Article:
God in the Academy

Inside Higher Ed recently reported on the findings of a survey regarding the religiosity of college and university professors in the United States. The study was conducted by by two sociologists, Neil Gross of Harvard University and Solon Simmons of George Mason University, and was for a presentation sponsored by the Social Science Research Council.

Here are some excerpts from the Higher Ed article:

Listen to many critics of higher education, and you would think that faith had been long ago banished from the quad — or at least all those quads not at places like Notre Dame or Liberty or Yeshiva.

It turns out though, that there are plenty of believers on college faculties. Professors may be more skeptical of God and religion than Americans on average, but academic views and practices on religion are diverse, believers outnumber atheists and agnostics, and plenty of professors can be found regularly attending religious services.


On the question of belief in God, the study notes the “common perception� that professors are atheists and suggests that this view is simply not true. The following statistics show how professors aligned themselves:

Professors and Belief in God

Positions of Belief % of Professors
I don’t believe in God. 10.0%
I don’t know whether there is a God and I don’t believe there is any way to find out. 13.4%
I don’t believe in a personal God, but I do believe in a Higher Power of some kind. 19.6%
I find myself believing in God some of the time, but not at others. 4.4%
While I have my doubts, I feel that I do believe in God. 16.9%
I know God really exists and I have no doubts about it. 35.7%

While the study found no sector of higher education without believers, there are significant differences by type of institution and discipline. Faculty members at religious colleges made up about 14 percent of the sample in the survey and they were more likely to believe in God. While 52 percent of professors in non-religiously affiliated colleges believe in God either despite doubts or without doubt, 69 percent of those at religious colleges feel that way. Professors are most likely to be atheists or agnostics at elite doctoral institutions (37 percent) and less likely to be non-believers at community colleges (15 percent).In terms of disciplines, professors in psychology and biology are the least likely to believe in God (about 61 percent in each field are atheists or agnostics), with mechanical engineering not far behind at 50 percent. Professors most likely to say that they have no doubt that God exists are in accounting (63 percent), elementary education (57 percent), finance (49 percent), marketing (47 percent) and nursing (44 percent).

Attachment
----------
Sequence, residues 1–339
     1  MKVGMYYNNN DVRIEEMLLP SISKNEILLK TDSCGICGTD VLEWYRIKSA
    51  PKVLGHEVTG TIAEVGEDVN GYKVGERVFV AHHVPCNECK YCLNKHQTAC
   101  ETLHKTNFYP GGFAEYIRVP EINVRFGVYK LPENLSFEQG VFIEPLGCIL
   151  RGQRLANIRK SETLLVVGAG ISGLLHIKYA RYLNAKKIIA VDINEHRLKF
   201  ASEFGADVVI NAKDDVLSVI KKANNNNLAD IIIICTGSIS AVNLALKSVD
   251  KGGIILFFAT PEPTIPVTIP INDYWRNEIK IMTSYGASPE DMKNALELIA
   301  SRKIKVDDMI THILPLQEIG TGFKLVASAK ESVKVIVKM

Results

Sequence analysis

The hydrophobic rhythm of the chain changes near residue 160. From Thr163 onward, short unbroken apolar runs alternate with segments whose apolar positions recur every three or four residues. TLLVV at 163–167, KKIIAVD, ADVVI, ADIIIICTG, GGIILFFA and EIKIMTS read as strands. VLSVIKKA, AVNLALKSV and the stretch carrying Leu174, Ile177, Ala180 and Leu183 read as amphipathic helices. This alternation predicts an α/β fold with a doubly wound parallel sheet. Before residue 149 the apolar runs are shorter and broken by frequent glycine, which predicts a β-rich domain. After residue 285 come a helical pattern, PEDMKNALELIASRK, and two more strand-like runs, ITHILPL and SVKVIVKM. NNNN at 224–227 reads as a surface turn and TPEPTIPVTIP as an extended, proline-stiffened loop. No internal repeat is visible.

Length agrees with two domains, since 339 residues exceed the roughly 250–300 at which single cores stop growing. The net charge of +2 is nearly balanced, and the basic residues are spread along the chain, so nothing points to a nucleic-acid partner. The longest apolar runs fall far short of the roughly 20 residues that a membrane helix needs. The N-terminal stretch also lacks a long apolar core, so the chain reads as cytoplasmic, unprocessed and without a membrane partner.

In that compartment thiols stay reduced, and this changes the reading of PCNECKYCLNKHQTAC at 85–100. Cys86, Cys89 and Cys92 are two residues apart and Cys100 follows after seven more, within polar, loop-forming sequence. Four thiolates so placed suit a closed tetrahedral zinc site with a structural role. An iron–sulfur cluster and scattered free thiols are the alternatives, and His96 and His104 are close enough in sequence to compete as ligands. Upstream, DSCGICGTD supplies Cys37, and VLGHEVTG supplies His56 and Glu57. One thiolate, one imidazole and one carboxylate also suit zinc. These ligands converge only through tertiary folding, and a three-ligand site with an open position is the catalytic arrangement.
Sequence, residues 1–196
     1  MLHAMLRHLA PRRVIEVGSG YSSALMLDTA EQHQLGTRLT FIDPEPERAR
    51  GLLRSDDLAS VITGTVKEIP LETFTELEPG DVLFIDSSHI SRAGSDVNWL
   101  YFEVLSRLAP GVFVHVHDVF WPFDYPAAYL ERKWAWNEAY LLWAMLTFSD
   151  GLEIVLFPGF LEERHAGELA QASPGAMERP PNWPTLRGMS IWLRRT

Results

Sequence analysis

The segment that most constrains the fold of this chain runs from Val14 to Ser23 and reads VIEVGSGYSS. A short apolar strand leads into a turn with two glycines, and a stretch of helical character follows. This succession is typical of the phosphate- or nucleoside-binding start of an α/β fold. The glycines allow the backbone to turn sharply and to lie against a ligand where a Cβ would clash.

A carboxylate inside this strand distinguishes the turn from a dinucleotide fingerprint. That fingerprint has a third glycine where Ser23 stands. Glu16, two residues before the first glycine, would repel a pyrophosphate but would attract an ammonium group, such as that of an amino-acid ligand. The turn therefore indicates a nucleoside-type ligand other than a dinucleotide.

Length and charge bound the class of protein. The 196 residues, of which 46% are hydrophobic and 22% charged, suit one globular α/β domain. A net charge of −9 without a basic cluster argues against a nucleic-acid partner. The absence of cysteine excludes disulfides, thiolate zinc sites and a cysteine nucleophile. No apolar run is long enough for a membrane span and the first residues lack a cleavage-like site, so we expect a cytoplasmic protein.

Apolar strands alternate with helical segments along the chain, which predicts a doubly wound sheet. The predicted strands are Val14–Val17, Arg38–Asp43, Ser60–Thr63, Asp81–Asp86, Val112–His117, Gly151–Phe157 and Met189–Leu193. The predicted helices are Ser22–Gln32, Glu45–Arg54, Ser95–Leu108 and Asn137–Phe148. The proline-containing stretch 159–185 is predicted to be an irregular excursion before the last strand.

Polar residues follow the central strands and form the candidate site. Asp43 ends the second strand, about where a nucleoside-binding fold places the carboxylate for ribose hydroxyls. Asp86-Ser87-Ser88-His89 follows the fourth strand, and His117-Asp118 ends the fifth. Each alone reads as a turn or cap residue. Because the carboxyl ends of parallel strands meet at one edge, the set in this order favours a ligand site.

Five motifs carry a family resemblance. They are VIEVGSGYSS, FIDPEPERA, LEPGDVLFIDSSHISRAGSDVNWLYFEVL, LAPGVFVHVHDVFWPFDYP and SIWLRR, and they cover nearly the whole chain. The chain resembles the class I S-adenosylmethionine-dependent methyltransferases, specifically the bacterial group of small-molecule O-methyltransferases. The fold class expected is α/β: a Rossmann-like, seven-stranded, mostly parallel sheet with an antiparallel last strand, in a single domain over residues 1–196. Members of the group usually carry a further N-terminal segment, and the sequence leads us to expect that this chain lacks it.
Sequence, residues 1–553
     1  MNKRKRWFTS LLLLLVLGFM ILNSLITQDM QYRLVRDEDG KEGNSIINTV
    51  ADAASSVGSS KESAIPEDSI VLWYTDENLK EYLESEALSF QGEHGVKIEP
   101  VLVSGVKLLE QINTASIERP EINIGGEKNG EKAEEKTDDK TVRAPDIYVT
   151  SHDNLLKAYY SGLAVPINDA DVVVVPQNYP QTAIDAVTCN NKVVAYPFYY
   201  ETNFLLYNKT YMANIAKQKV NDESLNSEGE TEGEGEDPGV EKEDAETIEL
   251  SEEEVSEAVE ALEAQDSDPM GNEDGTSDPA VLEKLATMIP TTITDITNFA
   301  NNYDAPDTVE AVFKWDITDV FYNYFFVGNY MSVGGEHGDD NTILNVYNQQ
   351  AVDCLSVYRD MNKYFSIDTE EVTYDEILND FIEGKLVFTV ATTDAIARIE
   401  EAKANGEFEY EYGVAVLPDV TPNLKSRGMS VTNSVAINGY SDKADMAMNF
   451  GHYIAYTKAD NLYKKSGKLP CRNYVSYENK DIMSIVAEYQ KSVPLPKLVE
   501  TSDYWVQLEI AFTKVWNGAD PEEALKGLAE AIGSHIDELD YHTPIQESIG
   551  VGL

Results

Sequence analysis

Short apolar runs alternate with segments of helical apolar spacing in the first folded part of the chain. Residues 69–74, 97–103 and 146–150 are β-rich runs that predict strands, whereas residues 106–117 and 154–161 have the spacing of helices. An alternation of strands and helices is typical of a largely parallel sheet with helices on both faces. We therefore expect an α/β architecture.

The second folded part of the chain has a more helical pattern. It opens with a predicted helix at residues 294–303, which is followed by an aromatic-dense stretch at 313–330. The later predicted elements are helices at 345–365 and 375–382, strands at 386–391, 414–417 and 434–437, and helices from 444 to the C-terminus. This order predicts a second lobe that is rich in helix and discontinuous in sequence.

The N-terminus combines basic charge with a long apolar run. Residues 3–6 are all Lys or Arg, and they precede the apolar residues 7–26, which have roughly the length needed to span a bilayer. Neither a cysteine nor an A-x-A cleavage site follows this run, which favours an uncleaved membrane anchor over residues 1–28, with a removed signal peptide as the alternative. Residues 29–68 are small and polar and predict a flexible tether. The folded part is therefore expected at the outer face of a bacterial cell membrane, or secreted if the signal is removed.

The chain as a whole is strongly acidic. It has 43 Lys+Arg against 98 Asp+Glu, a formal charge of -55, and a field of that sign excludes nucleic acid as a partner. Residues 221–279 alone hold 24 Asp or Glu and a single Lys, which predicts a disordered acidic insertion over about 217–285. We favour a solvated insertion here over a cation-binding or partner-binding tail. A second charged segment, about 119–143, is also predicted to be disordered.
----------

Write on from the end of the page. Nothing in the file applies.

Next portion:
The survey found a “surprisingly high� proportion — 19 percent — of the professoriate that identifies as “born-again Christian,� and they are not restricted to religious colleges. While very few professors (about 1 percent) have this identity at elite doctoral institutions, the share at secular institutions over all is 17 percent.

This is quite interesting. I imagine that the results would be a bit different for Canada, with a less belief — especially in the major public universities as compared to private institutions.

(HT Targuman)

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One Response to God in the Academy

  1. I’d be very surprised if the number of atheist philosophers is as low as any of these figures for other disciplines. Maybe it’s just that I’m not interacting with philosophers unless they’re better known philosophers and thus in the elite category, but it seems something like 80% atheists to me among the philosophers I’ve had any contact with, and that’s coming from an institution with a tradition of theists in the department. The numbers in this report seem much lower for academia as a whole and for other fields.

    My graduate program has 25% of the graduate students who are theists, and pretty much everyone reacts with shock at hearing that it’s that high. It’s not been that high in the past, either. Most Ph.D. programs in philosophy might have one or two theists at most, including both faculty and graduate students. I’m sure there are many with none.

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